Why does Simon Dedalus say – or at least suggest - that Limerick-born businessman, MP and civic reformer Charles Dawson is “changing his drink” when he hears Ned Lambert intoning a paragraph of “high” (= lofty, elevated) and florid prose from the newspaper? Why does this make Ned laugh? The questions have puzzled the Charles Peake seminar:1
"Changing his drink": we had trouble with this joke, inasmuch as it is either itself a bit 'high' for us – though not, it would seem, for Ned Lambert – or it is simply not one of Simon’s best. A reference to the effect of mixing one’s drinks, or to opting for something more expensive than the usual when it is someone else’s turn to pay for a round?
The origin of the joke seems to lie in the disjunction between Charles Dawson’s normally down-to-earth, sometimes humorous and “charming”, factual, nationalist rhetorical style and the sentimental, poetic mode Joyce chooses for the text ascribed to him in the newspaper. The following extracts show Dawson’s typical style of delivery:
I will not trouble you with all the details of land systems existing in Prussia and other German States prior to the establishment of the feudal system. Up to the twelfth and thirteenth centuries the tiller of the soil held his land under the allodial system, when the peasant was in perfect possession.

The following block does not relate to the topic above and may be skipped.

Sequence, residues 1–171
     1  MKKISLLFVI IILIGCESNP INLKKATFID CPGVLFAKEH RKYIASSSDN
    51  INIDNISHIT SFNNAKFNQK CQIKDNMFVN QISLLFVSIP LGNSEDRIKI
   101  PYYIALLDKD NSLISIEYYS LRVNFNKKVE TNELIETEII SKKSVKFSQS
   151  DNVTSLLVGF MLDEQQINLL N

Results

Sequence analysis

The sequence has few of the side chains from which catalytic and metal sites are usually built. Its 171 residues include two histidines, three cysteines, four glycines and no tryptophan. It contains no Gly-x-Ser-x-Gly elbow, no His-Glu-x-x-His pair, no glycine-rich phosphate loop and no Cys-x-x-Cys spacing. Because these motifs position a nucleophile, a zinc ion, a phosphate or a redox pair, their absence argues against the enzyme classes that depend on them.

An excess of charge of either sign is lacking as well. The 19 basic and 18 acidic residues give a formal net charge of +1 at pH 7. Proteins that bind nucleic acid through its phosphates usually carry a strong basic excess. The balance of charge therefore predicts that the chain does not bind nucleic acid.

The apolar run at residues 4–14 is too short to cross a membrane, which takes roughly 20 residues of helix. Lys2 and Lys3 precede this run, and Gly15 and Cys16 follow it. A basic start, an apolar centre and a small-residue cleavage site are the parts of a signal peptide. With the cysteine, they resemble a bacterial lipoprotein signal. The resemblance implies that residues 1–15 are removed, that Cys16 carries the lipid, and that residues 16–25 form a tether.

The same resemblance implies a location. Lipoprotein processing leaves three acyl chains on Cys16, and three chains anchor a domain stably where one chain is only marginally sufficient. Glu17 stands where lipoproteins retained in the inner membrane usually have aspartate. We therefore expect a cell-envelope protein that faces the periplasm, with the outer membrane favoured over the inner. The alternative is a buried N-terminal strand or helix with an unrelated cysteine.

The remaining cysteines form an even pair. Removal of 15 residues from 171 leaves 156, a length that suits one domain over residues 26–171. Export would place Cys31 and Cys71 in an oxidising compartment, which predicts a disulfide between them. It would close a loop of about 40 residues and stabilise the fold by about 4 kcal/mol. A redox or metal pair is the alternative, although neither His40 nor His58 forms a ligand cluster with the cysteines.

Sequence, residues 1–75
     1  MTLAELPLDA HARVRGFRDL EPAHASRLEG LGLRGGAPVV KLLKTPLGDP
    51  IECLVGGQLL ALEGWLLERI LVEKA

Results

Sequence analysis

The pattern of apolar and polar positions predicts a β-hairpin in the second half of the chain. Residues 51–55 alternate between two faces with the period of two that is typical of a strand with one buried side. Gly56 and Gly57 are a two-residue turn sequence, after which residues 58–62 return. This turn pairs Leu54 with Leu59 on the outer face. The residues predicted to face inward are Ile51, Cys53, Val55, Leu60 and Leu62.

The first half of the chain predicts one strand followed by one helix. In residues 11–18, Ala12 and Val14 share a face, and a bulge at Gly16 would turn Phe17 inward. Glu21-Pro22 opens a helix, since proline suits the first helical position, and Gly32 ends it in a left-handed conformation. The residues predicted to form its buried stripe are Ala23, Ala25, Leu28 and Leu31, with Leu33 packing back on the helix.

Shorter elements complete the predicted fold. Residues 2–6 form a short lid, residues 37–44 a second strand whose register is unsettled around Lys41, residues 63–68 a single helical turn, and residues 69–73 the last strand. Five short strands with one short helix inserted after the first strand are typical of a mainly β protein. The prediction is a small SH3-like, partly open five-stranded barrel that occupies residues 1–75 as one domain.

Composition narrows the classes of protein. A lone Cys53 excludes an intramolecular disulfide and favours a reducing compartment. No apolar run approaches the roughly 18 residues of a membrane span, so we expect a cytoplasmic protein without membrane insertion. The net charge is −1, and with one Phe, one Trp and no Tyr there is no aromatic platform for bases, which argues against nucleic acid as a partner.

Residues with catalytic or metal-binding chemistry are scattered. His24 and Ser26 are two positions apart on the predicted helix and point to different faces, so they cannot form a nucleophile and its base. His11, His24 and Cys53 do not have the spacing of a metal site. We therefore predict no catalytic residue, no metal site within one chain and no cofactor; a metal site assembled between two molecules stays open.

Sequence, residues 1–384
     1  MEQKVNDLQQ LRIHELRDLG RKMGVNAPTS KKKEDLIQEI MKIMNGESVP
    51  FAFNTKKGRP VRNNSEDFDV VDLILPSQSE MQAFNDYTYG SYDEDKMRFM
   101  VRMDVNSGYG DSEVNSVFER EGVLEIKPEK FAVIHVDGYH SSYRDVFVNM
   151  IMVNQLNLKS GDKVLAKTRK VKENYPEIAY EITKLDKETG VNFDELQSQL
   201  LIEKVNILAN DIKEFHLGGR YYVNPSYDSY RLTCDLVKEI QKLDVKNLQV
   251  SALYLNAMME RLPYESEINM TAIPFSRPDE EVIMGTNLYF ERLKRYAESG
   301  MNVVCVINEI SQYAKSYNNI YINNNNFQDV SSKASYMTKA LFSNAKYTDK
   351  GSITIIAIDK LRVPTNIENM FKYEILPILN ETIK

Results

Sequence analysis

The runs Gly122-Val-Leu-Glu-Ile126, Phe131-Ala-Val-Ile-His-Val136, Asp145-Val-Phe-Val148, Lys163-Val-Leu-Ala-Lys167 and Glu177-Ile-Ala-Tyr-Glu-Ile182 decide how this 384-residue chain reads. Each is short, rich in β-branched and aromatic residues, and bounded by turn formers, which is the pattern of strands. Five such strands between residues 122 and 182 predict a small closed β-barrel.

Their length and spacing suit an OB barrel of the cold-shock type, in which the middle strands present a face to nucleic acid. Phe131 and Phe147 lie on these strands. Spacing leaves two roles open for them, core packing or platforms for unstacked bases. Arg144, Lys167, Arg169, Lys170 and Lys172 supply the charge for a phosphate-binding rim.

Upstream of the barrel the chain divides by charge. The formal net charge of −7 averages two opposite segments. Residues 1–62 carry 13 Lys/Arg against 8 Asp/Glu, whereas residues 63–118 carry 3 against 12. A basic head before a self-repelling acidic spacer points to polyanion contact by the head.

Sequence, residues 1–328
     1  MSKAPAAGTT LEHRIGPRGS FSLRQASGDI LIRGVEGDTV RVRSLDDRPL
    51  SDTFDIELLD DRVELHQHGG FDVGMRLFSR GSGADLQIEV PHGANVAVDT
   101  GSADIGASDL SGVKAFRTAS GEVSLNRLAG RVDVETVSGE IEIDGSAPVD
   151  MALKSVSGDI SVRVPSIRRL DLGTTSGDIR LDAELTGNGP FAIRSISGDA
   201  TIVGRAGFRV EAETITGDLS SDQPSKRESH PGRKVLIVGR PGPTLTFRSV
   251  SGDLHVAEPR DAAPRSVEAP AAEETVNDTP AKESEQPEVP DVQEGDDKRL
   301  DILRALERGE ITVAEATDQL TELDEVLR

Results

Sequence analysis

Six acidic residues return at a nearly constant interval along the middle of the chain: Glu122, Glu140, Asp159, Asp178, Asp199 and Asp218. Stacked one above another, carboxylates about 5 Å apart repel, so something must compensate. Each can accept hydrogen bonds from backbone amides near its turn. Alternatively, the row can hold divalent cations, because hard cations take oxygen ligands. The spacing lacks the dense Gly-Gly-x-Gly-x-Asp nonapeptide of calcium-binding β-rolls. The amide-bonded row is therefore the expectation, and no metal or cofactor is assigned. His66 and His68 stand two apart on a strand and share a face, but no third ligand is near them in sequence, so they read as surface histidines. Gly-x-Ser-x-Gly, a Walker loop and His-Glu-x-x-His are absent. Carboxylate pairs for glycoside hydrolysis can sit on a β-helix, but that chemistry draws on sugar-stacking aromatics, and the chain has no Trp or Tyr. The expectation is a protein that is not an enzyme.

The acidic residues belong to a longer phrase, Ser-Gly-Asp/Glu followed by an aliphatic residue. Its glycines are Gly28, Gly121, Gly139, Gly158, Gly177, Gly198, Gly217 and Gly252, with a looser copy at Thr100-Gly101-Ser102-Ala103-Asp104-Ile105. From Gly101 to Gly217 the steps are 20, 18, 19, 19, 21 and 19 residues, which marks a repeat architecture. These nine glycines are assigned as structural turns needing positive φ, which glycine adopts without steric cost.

Freeman’s Journal (1902), 31 January, p. 1
Mr. Dawson put before the Conference "one definite, concrete, practical, possible, and profitable antidote to emigration, viz., the re-planting of the waste lands in Ireland".
Irish Independent (1905), 13 October, p. 6
But the amusement stems partially from the use of the expression “changing his drink”. Although this sounds unusual to us today, it was in fact a common expression often used in the context of speech-making and reporting in Joyce’s day:
He had not long begun [his talk] when it appeared, from the yawning and sleepy appearance of his audience, that it was not stuff to their taste. He closed his paper, changed his drink, and gave them something extempore […] and there was no more sleeping.
Dundee Courier (1859), 14 December
"No," retorted Carpenter, instantly; "don't put him out; change his drink!" During the delivery of the so-called "Janesville speech", the effect of which was a matter of some anxiety to Mr. Carpenter, a confusion occurred at the rear of the hall [etc.].
Joseph Wesley Donovan Modern Jury Trials and Advocates (1881), p. 570
We are pained to notice that his habit of playing on the edge of the piano, two inches away from the keys, grows upon him, and he should either change his drink or his vocation.
Star (St Peter Port) (1883), 15 February
The editor of the Republican needs to adjust his glasses or change his drinks as he says "it was a bit ungracious" for us to not predict the election of Judge Glenn in our acrostic, "Signs of the Times", last week.
Hartford Herald (Hartford, Kentucky) (1917), 17 October, p. 4
At times the expression was commandeered for more explosive contexts:
They are changing the drinks on us; they are using new and different kinds of high explosive shells, and it is only natural that surgery in war ischanging because of the effect on the tissues when we get a new deal.
Battle Training of Medical Officers during the Great War (pt. 2) (1918) (United States Army Sanitary School, Langres, France)
Changing one’s drink involved changing from one type of drink to another – and typically from beer to something stronger, such as brandy. If Charles Dawson had really “changed his drink” in this way, we can see how his earthy, factual rhetorical speaking style might have become laughingly transformed into early Victorian purple poetics.